KV Privacy Fence

This is Rob here taking over Susie Q’s blog.  Apologies in advance for the less than professional picture quality.  She’s the talented one in that regard.  But I posted a few of her pics below so keep reading… 🙂

Susan told me that she heard back from y’all that a lot of you would like to learn how we put together the privacy fence in our backyard.   The secret though is that the privacy fence is not an actual fence at all. It is an amalgamation of Ikea’s Applaro Wall Panels, Home Depot’s closet rods (called ShelfTrack), wooden 4X4s that our gardener used to outline the patio (conveniently he secured them into the ground), and about 1,000 screws.


Amalgamation > Fence


The process began by laying the Applaro panels on a table.  (I wish I had a picture of this.)  Ikea originally set the height of its panels to be about six feet; however, we wanted a taller wall to provide more privacy.  So for each section width (the long wall on the west side of the patio has four sections and the cornered side has three) we combined one and a half sets of the original Applaro panels.  (Ikea sells the wall panels in two parts, a top and bottom piece. We had to use two top pieces stacked on top of the bottom piece).

The slight tilt was intentional I promise


Once the panels were laid out on a table I screwed in various pieces of builders hardware/brackets to fasten the panels together.  Here is a link to some examples of what I used.  IMPORTANT: I recommend using small screws or to drill a hole prior to using the screws so the Ikea boards don’t splinter.  I chose to use a lot of small screws rather than drill due to the high number of screws going in and the fact that the Applaro panels are at most an inch thick.  With my luck I’d end up drilling a hole through the panel.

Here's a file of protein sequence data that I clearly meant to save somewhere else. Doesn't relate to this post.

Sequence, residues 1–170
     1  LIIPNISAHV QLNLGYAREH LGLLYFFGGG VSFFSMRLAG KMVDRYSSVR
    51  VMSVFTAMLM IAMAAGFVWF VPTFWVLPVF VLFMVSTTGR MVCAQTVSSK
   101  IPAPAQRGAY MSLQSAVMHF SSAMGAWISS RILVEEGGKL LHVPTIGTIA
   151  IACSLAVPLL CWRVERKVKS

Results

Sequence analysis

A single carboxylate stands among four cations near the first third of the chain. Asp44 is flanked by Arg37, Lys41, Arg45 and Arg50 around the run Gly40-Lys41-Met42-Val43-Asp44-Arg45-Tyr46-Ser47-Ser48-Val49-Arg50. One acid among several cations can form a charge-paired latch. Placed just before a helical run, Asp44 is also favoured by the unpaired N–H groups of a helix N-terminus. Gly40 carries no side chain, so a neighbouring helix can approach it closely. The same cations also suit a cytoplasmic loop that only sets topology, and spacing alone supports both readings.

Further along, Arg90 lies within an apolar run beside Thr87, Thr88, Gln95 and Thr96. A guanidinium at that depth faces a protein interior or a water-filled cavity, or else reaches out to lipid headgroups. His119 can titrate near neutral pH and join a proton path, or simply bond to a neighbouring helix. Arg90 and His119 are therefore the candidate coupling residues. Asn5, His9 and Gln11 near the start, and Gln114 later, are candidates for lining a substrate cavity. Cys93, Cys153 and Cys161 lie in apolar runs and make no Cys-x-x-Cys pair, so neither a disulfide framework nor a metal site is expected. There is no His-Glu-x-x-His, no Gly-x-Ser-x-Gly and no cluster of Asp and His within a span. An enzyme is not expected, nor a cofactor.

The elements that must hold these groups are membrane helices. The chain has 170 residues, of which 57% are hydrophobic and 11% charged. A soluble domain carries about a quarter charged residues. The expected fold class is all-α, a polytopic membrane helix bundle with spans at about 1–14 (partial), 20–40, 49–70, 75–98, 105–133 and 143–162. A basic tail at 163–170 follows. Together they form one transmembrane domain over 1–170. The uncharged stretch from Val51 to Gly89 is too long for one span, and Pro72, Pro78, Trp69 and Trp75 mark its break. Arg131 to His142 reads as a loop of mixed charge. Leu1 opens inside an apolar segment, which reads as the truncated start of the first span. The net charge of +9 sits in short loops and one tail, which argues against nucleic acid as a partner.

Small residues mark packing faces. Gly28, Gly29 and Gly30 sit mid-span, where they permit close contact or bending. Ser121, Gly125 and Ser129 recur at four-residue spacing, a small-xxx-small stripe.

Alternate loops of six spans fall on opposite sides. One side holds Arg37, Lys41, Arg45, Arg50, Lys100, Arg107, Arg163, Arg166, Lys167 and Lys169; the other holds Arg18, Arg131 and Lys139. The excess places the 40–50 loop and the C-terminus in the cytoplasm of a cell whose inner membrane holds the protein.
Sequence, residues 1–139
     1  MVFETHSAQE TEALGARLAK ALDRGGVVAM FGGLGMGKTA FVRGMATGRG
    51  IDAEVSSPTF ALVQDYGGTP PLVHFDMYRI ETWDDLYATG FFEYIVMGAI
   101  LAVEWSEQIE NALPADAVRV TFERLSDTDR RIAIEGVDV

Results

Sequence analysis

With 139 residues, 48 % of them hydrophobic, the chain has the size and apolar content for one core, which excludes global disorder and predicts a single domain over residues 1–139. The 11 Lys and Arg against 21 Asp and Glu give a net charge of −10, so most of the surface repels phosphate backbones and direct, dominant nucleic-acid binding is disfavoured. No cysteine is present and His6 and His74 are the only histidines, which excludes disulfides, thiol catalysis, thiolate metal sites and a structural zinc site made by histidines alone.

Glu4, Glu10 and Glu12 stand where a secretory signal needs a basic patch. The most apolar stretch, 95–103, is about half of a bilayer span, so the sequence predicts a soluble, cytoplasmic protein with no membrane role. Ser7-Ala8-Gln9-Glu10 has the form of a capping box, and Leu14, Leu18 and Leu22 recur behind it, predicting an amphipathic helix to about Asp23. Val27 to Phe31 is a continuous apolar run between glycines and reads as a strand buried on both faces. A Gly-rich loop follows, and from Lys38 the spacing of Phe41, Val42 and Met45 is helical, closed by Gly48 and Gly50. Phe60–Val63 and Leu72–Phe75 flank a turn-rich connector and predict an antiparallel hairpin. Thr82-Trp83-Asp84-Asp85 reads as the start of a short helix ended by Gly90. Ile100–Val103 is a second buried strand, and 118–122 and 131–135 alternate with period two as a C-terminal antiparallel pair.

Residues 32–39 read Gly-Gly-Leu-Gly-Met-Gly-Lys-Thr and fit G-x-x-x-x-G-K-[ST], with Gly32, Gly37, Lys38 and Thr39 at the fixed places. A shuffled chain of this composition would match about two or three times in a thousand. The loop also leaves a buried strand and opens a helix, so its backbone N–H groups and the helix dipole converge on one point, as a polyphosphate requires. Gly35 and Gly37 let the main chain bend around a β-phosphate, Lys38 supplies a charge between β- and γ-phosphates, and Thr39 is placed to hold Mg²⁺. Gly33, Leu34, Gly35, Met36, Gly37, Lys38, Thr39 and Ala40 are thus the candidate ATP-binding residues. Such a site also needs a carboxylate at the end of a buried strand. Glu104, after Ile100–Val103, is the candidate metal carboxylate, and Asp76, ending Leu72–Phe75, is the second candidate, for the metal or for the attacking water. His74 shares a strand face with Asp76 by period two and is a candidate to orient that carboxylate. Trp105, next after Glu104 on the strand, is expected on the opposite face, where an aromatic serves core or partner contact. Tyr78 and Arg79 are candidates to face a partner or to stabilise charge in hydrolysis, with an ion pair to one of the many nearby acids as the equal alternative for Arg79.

Small screws


After I had fastened 1.5 pieces together to make an eight foot tall section I screwed the closet rods into the back.  I found the aluminum rods that you may see used people’s closets to support the wire shelves worked really well.  They were tall enough (roughly 8 ft), rigid, already had holes in them, and came in brown to match the wood.  The trick was that I extended about two of the eight feet of rod passed the legs of the bottom panel. This allowed me to use them as support stakes into the ground.


Once I had finished connecting seven sections together I installed them in place.  To do this I shoved the two feet of closet rod into the ground right up against the 4X4 wooden beam divider that was installed by the landscapers who put in our limestone floor.  L-brackets were installed on the front side (the side people see), on the back side I screwed in the closet rods into the 4X4’s, and lastly (and probably excessively) I pressed heavy rocks as extra support against most of the rods.  Really lastly, as I installed each piece I fastened them together using metal brackets.

Front side L brackets
Backside stakes and heavy rocks
Fastened together. I bent this piece myself.

So I’m not a carpenter nor do I have any experience in construction but so far these two walls have survived two years of Chicago weather.  It definitely helps that wind can blow through the slats so we don’t have to worry about them being blown over.

To date we’ve really enjoyed the added privacy and beautification these walls provide.  We haven’t tried hanging flowers or anything yet from them but if we did, I’m mostly sure that they wouldn’t spontaneously combust.

And here are a few of the styled pictures that Susan would appreciate me including.  🙂

Told you she was the talented one.


This tree was heavy so I’m including two pictures of it.


IMO, focus should have been on the L brackets… 🙂


Check out the closet rod cameo!


And lastly, our backyard before privacy fences.


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